Being environmentally friendly in the lab – OurWarwick

Being environmentally friendly in the lab

Of course, there is a lot of room for improvement when it comes to the chemical industry’s impact on the environment. I guess as individuals we can all start by being more considerate about our own impact therefore this year in labs I have been thinking about how I can do things better so my personal impact is as little as possible.

The first and the simplest thing is to lower the fume cupboard sash when you don’t need it raised. It should be lowered anyway and it’s safer for you if you have it lowered rather than open horizontally and this helps with energy-saving.

Dispose of chemicals in the right bins. You get flammable, inorganic, organic, halogenated, waste solid, glass, sharps and general waste bins in the lab. Do your homework and know what goes where! When unsure, ask the demonstrators. Even if you feel embarrassed asking whether something is flammable (like me today) thinking you should know, just ask anyway because better be embarrassed than to get it wrong (and I did!).

You really don’t need that much acetone to wash up. Look, I have some deep connections with acetone but try to be more considerate about its use. When trying to dry RBFs, conical flasks or measuring cylinders, it’s understandable. With beakers, Buchner funnels and more open containers, you can just rinse with deionised water and dry with a tissue. You save so much! Also, emphasis on drying. Acetone is not really for cleaning but helps to dry the equipment. Use the fairy liquid provided at the sinks and the brushes to really clean all the material off and once you’ve cleaned it all, give it a rinse with deionised water or acetone or acid as required.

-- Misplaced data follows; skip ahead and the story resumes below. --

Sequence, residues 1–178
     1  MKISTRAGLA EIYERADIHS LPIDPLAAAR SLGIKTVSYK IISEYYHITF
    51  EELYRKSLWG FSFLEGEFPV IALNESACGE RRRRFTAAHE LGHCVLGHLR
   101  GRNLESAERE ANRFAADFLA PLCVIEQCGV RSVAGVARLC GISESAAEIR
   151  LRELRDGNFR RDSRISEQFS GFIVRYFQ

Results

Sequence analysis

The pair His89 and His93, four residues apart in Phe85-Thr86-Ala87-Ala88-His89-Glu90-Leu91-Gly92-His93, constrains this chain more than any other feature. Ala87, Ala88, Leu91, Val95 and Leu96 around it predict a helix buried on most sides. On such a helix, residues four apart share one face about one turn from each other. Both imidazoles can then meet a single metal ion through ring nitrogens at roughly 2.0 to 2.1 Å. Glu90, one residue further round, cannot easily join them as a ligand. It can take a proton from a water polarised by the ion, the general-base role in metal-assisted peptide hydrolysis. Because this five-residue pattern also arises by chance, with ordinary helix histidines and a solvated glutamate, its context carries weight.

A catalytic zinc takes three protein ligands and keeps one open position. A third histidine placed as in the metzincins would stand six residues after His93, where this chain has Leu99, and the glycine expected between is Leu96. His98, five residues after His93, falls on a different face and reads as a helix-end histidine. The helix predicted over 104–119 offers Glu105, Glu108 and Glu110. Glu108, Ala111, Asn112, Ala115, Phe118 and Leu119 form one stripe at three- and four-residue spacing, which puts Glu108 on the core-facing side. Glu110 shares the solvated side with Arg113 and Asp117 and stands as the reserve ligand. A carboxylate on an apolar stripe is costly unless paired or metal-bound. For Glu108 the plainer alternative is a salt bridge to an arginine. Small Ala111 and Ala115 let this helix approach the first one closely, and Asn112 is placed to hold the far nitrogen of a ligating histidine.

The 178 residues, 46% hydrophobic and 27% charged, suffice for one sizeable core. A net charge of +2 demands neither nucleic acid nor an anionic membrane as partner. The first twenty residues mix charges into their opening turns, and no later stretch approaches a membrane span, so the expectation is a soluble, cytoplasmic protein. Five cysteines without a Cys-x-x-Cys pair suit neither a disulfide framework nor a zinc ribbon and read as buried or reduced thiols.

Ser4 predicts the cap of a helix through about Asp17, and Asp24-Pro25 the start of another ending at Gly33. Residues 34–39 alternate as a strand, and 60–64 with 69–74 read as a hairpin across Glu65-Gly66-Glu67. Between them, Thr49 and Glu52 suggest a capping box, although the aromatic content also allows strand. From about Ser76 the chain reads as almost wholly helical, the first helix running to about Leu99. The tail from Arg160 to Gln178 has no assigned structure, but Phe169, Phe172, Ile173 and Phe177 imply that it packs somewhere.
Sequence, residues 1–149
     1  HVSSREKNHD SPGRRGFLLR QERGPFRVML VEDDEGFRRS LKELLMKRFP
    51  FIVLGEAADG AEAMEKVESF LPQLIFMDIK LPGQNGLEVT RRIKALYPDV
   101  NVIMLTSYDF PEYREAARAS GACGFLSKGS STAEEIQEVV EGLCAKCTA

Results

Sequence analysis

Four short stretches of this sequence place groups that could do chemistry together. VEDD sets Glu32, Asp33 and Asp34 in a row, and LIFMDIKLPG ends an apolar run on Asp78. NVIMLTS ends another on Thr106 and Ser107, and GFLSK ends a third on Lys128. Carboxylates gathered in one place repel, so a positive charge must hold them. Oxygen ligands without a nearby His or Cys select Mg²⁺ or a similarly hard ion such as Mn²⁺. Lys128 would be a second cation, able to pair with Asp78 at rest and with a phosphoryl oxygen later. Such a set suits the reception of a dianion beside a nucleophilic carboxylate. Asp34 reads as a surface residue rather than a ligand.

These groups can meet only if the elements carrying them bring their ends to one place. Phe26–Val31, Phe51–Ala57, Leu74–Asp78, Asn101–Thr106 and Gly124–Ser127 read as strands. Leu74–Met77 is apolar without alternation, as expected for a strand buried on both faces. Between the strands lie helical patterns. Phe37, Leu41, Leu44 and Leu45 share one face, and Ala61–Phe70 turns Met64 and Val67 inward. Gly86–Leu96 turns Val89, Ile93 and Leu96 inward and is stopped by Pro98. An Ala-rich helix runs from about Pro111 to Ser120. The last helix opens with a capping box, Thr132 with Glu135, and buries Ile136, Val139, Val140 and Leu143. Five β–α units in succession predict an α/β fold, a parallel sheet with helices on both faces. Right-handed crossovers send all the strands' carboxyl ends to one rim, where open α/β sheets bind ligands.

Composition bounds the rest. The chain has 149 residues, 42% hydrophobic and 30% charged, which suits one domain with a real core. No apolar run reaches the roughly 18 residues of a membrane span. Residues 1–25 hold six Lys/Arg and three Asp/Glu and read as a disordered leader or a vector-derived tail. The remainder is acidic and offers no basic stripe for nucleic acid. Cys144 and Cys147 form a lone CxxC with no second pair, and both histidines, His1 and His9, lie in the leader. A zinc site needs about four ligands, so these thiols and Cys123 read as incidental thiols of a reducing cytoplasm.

Pour however much you need in your conical flasks/ beakers. Pipetting straight from the chemicals bottle isn’t the best idea although I do it but I keep a separate pipette only for the one bottle otherwise you contaminate the solutions and then reactions don’t work. When pouring into beakers/ conical flasks, think about how much you’d need so you throw away as little of the chemicals as possible.

Rather than washing all your RBFs and conical flasks at the sink, perhaps give them a rinse with water into one of the appropriate waste bins so you remove as much of the chemical as you can before you wash the equipment as you probably don’t want your chemicals running down the sink.

I hope this helps anyone who may be interested in learning more about how we can do better in labs. I have to say I have my moments when I’m just tired or in a rush and carelessly rinse everything with acetone or it feels like I need lots of solvent just so I don’t have to later go around hunting for the bottle in the lab but I swear I’m working on this. Hopefully I’ll get better at it and if you’re thinking of giving these simple practices a go, I wish you all the best!

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